Is Your New Home A Former Meth Lab?

meth lab at dusk | Worker101, CC BY 2.0

“Use of methamphetamine nationally is at an all time high.” – Erik Smith, Drug Enforcement Admin., Kansas City | NPR, Oct 25, 2018

| Homebuyers, beware: Contamination from cooking meth can linger for year

Exposure to contamination has adverse health effects, especially in young children.

Ars Technica – Breaking Bad brought the messy, smelly process of cooking methamphetamine into American households with its depiction of a high school chemistry teacher who begins making the stuff after a terminal cancer diagnosis.

Walter White went from cooking meth in an RV, to a home basement, to a full-fledged underground lab run by a crime syndicate.

It’s highly likely that any place he cooked would still be contaminated years later, according to a new study published in the International Journal of Environmental Research.

Researchers at Flinders University in Australia took samples from a house in rural Victoria, Australia, once used to cook meth and found the house still contained significant levels of the drug even five years after the drug operations had ended.

And that contamination had transferred over to personal possessions of the home’s new owners.

Co-author Kirstin Ross said:

“Our results demonstrate that methamphetamine has continued to mobilize after manufacture when the property was under new ownership for a period exceeding five years.

“This suggests that the methamphetamine is not breaking down or being removed and is constantly transferred from contaminated to non-contaminated objects.”

Australian police seized chemicals and cooking equipment from the house in question in May 2013.

The police notified the local council that the home had been used to cook meth and thus posed a potential health risk.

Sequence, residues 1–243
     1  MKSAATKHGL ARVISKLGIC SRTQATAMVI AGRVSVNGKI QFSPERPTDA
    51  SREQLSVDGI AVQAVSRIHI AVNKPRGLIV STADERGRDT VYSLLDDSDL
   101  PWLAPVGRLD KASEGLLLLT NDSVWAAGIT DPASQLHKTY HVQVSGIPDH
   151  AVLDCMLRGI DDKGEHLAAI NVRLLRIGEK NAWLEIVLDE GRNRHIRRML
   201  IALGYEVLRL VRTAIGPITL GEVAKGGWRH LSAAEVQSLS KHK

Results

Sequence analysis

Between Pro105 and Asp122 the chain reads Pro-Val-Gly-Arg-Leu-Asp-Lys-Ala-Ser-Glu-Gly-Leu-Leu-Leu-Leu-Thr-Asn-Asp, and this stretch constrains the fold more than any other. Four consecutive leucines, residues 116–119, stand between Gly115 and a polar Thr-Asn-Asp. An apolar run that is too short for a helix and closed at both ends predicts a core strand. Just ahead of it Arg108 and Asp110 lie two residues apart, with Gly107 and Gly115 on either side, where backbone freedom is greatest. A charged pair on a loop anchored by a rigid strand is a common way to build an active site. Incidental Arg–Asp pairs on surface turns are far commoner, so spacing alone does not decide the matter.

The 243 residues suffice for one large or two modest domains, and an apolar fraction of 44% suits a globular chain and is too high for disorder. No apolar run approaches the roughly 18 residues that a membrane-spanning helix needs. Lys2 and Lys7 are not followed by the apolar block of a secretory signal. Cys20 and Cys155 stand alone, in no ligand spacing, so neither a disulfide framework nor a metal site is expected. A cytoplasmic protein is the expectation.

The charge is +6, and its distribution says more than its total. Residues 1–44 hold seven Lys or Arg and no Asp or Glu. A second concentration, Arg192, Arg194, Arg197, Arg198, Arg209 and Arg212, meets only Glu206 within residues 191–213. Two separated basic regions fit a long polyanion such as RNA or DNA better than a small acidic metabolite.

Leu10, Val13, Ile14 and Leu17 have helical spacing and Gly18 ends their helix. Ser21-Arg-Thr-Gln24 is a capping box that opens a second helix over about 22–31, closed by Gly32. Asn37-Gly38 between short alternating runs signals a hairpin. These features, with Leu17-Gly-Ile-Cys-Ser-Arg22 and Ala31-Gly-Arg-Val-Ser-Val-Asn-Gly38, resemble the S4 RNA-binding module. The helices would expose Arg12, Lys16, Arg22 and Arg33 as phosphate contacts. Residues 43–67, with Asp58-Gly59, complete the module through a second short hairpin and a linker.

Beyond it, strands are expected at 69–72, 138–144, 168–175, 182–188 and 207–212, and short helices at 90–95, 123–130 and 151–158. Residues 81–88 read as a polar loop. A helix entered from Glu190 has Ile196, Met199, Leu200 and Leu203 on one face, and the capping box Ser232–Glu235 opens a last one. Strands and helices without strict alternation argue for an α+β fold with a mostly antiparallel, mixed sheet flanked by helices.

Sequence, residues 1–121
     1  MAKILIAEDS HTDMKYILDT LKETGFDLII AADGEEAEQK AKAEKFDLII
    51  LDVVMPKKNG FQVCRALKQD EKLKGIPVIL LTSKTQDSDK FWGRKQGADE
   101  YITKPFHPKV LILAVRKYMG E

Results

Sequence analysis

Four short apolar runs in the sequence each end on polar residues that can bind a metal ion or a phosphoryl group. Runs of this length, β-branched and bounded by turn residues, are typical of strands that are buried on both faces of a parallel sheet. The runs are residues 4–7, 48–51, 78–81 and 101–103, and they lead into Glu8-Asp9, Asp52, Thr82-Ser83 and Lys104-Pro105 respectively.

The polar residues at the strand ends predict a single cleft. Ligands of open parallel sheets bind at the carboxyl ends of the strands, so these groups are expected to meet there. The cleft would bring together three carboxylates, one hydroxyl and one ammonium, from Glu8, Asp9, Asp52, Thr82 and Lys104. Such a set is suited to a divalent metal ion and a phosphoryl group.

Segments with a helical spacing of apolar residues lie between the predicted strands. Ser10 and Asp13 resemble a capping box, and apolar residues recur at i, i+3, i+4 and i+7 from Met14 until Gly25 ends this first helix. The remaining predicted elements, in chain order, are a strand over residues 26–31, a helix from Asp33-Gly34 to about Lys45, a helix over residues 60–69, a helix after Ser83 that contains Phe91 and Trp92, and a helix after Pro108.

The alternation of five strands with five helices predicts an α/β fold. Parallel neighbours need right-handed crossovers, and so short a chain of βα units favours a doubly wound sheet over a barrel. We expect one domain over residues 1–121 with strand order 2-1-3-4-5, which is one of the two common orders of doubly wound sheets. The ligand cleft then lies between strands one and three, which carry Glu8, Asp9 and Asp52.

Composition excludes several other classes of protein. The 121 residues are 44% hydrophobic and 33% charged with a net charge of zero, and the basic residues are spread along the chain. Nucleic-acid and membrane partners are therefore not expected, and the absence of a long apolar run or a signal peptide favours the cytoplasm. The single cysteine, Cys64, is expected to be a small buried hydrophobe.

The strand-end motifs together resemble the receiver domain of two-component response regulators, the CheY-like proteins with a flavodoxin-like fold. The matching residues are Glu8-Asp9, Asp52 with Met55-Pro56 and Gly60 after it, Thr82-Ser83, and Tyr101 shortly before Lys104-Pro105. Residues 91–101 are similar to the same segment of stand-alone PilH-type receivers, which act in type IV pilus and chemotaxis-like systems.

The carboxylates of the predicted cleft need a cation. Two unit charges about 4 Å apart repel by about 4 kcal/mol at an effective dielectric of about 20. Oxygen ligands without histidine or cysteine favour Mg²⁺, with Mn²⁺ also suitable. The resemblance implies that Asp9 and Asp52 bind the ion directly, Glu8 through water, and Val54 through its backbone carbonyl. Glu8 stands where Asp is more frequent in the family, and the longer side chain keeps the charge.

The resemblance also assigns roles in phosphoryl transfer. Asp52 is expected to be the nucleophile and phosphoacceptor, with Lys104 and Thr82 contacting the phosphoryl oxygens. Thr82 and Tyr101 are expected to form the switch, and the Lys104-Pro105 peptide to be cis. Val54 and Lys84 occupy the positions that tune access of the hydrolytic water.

It was supposed to undergo remediation to clear any lingering contamination, but for some reason this didn’t happen.

A family of five (two adults, and children aged 7, 8, and 11 years) bought the home in August of that year, unaware of its prior history.

They didn’t find out until March 2014, and when environmental testing revealed levels of methamphetamine well above the Australian limit, the family was forced to vacate the home. Read more. 

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Meth Use in the U.S. 

“964,000 people aged 12 or older had a methamphetamine use disorder”

[It is now deemed politically incorrect to refer to meth users as “drug addicts.” – Ed.]

National Institute on Drug Abuse – According to the 2017 National Survey on Drug Use and Health (NSDUH), approximately 1.6 million people (0.6 percent of the population) reported using methamphetamine in the past year, and 774,000 (0.3 percent) reported using it in the past month. The average age of new methamphetamine users in 2016 was 23.3 years old.

An estimated 964,000 people aged 12 or older (about 0.4 percent of the population) had a methamphetamine use disorder in 2017—that is, they reported clinically significant impairment, including health problems, disability, and failure to meet responsibilities at work, school, or home as a result of their drug use.

This number is significantly higher than the 684,000 people who reported having methamphetamine use disorder in 2016.

The 2018 Monitoring the Future (MTF) survey of adolescent drug use and attitudes reported that about 0.5 percent of 8th, 10th, and 12th graders had used methamphetamine within the past year. Use of methamphetamine by adolescents has declined significantly since 1999, when this drug was first added to the survey.

The Treatment Episode Data Set (TEDS) provides information on admissions to substance abuse treatment facilities that are licensed or certified by state substance use agencies. According to TEDS data, nationwide treatment admissions for methamphetamine misuse dropped from 68 per 100,000 individuals in 2005 to 49 per 100,000 in 2015.

An important caveat to these national numbers is the degree to which they mask regional variability.

While methamphetamine is available across the US, highest availability is in the western and midwestern regions of the US; more than 70 percent of local law enforcement agencies from the pacific and west central regions of the US report methamphetamine as the greatest drug threat in their area.

NIDA’s National Drug Early Warning System (NDEWS), which tracks drug trends in sentinel sites across the country, found that treatment admissions for methamphetamine as the primary substance of use were less than one percent in sites east of the Mississippi River, but ranged from 12-29 percent in the sites west of the Mississippi.

Nationwide, overdose deaths from the category of drugs that includes methamphetamine increased by 7.5 times between 2007 and 2017.

About 15 percent of all drug overdose deaths involved the methamphetamine category in 2017, and 50 percent of those deaths also involved an opioid.

In 2017, 5 of the 12 NDEWS sites reported increases in methamphetamine overdose deaths: Washington, Colorado, Texas, Florida, and Georgia. Source.